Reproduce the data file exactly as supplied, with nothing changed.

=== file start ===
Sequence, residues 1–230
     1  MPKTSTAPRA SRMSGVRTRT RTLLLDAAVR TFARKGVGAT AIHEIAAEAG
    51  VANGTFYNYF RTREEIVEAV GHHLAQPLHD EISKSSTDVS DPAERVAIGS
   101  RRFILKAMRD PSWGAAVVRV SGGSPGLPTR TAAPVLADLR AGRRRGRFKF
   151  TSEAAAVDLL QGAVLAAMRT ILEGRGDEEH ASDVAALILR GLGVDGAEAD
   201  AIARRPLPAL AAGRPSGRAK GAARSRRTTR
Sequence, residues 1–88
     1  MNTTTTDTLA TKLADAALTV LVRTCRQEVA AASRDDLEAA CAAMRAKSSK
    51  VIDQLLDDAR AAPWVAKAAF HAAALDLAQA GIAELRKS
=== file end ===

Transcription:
Sequence, residues 1–230
     1  MPKTSTAPRA SRMSGVRTRT RTLLLDAAVR TFARKGVGAT AIHEIAAEAG
    51  VANGTFYNYF RTREEIVEAV GHHLAQPLHD EISKSSTDVS DPAERVAIGS
   101  RRFILKAMRD PSWGAAVVRV SGGSPGLPTR TAAPVLADLR AGRRRGRFKF
   151  TSEAAAVDLL QGAVLAAMRT ILEGRGDEEH ASDVAALILR GLGVDGAEAD
   201  AIARRPLPAL AAGRPSGRAK GAARSRRTTR
Sequence, residues 1–88
     1  MNTTTTDTLA TKLADAALTV LVRTCRQEVA AASRDDLEAA CAAMRAKSSK
    51  VIDQLLDDAR AAPWVAKAAF HAAALDLAQA GIAELRKS